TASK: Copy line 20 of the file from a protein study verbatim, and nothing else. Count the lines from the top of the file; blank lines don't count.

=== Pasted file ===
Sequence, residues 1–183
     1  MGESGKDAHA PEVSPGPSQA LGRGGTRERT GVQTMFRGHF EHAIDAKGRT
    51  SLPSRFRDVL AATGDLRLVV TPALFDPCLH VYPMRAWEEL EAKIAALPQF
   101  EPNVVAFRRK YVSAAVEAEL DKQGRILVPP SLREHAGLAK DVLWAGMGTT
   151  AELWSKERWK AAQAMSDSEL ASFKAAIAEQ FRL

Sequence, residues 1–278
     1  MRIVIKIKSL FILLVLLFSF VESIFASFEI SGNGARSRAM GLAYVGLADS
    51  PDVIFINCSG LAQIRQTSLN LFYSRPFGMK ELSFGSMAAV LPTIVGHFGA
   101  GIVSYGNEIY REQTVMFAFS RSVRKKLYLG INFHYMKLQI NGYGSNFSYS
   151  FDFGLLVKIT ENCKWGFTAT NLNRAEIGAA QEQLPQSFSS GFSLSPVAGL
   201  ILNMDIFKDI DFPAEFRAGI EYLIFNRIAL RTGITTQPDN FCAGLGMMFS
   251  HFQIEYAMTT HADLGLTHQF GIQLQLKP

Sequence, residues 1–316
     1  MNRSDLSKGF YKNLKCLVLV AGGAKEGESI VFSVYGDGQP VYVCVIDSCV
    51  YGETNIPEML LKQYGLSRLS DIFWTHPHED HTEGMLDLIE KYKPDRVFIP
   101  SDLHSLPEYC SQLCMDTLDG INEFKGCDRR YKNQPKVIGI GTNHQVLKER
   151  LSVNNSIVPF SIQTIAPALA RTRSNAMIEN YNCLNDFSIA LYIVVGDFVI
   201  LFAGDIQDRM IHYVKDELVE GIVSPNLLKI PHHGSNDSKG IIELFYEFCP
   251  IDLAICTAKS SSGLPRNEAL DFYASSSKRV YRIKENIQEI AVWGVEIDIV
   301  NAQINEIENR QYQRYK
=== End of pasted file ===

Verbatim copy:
   301  NAQINEIENR QYQRYK